The ‘freakout’ section of the song was the most collaborative, with each band member crafting their own little corner of a wild sonic landscape. Each of us took turns recording vocals into a delay effect pedal, and Christian recorded an entirely separate drum part to fade in and out with the pre-existing beat. The crowd sounds that appear in this section were recorded at a live show in 2019, where we prompted the audience to react in certain ways by holding up signs saying ‘Ooh’, ‘Aah’ ‘Gasp’, and ‘Applause.’

Isabella

Color: Tan/beige when I’m listening to it; red/burgundy when I’m playing it (White)
In the song the narrator describes a relationship in which he wears his girlfriend’s clothes when she’s out of the house. Isabella was Sydney’s girlfriend when he founded his theatre company, and this song introduces his relationship with her. The song initially presents Sydney’s feelings as fleeting and surface level, his only reason for remaining in the relationship being his love for wearing Isabella’s clothes. There is a sense that Isabella is accepting of him as a partner, and that there is a mutual respect there, even when her friends are warning her against him because of his gender fluidity. Ultimately, Sydney is happy in the relationship, even if he doesn’t give his feelings the weight they deserve.
It was the first song recorded at Loud and Clear Studios in which I got to record with the beautiful Whirly electric piano there. It was so much fun that I decided to throw the instrument in a few of the other tracks for good measure.

Out of Words

Color: brown/goldenrod (Graphite)
This is a song about not having anything to say, and about a lack of ability to express oneself. There may be tons of emotion welling up in one’s chest, but if the words aren’t there to express those thoughts to others, then all that follows is silence. As a songwriter, I often feel that the only way I can express my feelings is through writing songs, and this song is about that struggle of communication. 
Sydney, though often an eccentric and at times flamboyant presence onstage, was often quite reserved in public. This song details his social anxiety, and hones in on his inability to express himself even to the one he loves. 




Interlude

Color: the color of a pearl (Graphite)
In the story it’s a nocturne by one of the forgotten Romantics, often played by Sydney on the old piano in the green room of the theatre, while he sat in contemplation.
We recorded all the piano for the album at Creative Workshop in Nashville. The studio there is beautiful, with trees painted all over the walls, and the piano is one of the best I’ve ever played. It was an honor recording there and working with Joe Funderburk. We knocked out all the piano parts for the album in about six hours.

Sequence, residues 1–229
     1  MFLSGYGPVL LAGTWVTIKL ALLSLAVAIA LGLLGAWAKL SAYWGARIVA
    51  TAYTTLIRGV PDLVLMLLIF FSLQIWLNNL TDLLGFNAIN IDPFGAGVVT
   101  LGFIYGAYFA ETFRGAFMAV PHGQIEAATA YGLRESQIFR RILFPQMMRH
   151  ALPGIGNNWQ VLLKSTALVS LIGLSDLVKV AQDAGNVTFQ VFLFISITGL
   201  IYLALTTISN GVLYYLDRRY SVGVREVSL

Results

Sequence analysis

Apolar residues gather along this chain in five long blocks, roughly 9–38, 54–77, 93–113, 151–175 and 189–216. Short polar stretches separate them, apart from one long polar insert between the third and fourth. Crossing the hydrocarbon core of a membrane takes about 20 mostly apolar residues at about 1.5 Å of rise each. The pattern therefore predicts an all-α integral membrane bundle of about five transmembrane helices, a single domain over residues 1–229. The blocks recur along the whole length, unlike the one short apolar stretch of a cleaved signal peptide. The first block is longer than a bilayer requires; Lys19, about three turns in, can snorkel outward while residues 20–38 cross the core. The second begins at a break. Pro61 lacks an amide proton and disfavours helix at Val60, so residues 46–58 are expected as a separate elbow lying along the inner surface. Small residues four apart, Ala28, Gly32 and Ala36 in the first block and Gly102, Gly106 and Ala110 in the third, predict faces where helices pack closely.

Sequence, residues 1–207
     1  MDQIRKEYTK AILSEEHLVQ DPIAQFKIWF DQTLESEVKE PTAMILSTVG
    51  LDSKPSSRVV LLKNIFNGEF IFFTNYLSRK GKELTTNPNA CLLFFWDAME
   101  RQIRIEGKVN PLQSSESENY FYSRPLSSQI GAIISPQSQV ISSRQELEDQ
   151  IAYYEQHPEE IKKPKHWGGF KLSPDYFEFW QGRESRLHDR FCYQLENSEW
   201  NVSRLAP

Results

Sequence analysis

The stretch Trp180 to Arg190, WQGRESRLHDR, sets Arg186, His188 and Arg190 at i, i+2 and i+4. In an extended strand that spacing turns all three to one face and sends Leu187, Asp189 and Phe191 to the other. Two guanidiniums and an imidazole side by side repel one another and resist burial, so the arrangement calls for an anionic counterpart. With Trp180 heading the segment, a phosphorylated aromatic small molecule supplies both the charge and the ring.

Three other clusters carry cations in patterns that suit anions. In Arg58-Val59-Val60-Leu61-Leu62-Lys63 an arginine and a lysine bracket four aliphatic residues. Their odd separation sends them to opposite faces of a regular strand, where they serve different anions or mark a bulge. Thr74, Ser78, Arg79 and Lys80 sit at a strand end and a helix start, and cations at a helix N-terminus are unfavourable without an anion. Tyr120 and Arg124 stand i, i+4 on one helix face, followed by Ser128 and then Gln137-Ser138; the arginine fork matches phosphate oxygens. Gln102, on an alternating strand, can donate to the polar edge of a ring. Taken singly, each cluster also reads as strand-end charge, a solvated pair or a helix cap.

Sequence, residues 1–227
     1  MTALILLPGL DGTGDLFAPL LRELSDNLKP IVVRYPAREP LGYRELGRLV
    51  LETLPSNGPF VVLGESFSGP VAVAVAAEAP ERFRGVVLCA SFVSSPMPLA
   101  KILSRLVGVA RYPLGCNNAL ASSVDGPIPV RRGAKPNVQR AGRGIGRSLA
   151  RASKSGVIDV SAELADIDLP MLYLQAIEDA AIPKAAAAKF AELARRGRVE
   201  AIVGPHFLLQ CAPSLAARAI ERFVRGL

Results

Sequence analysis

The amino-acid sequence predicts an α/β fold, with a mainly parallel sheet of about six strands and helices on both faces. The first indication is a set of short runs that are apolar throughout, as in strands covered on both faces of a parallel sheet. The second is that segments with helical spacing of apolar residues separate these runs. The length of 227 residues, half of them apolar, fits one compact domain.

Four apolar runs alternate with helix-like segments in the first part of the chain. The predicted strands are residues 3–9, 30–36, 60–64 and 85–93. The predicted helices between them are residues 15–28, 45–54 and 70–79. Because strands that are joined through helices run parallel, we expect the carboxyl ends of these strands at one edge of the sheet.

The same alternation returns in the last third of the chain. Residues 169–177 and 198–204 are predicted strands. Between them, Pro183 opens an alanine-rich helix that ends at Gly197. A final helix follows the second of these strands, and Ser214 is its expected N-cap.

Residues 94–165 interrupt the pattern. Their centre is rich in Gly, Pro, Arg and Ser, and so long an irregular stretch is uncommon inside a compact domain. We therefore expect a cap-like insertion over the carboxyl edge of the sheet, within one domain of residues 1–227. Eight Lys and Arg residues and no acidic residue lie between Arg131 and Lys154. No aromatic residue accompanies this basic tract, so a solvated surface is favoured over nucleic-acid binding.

Throwaway Lines

Color: varyingly black, tan, and reddish depending on the section
This song communicates frustration about not feeling heard. I wrote it at a time when I was playing songs at open mic nights and coffee shops, and it was pretty hard to hold anyone’s attention. It’s a song that pleads for someone to listen, and I think the rawness of that emotion comes across in the intensity the band brought to the arrangement.
Christian recorded this wild rhythmic sound which I think involved a chain. David mixed in the chain sound, reversing parts of it to create a sort of reverse cymbal effect. It makes the beat of the song so much more heavy and impactful. It almost makes it sound like we’re breaking glass or going on an angry rampage as the song progresses. I love how it turned out.

Interlude II

Color: green
At this point in the album, some emotions need to be expressed that don’t fit into any words.
I wanted to adapt a theme from the last song on the album into a melody that could function as a canon. I love the idea of canons, and how a melody can harmonize with itself as it repeats back. Don’t tell anyone, but I recorded the vocal line in two takes because I kept running out of breath. The takes were then stitched together seamlessly and the canon created.

In Case You Forgot

Color: varyingly black, blue, red, and goldenrod
This represents a scorned lover lamenting a collapsing romance. Isabella left Sydney, who could not accept that this relationship was over, vowing to love her until the end of time. This song is admittedly very melodramatic. I don’t remember when I originally wrote it, but I think it must have been high school. 
This song always felt very personal to me, and in the recording, I played and sang every part of the track. It was very fun for me to record all my own harmonies, and very boring for the rest of the band.